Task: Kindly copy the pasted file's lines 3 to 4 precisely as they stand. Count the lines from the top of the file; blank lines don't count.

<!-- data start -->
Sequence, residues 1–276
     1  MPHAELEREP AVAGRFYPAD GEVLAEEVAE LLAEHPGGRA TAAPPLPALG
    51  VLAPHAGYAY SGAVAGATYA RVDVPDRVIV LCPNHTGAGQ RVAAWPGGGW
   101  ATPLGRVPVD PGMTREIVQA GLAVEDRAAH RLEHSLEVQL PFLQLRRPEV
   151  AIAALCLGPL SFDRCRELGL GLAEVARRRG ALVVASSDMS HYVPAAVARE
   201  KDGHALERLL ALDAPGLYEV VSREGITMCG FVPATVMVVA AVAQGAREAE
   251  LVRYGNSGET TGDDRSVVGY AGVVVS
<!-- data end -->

    51  VLAPHAGYAY SGAVAGATYA RVDVPDRVIV LCPNHTGAGQ RVAAWPGGGW
   101  ATPLGRVPVD PGMTREIVQA GLAVEDRAAH RLEHSLEVQL PFLQLRRPEV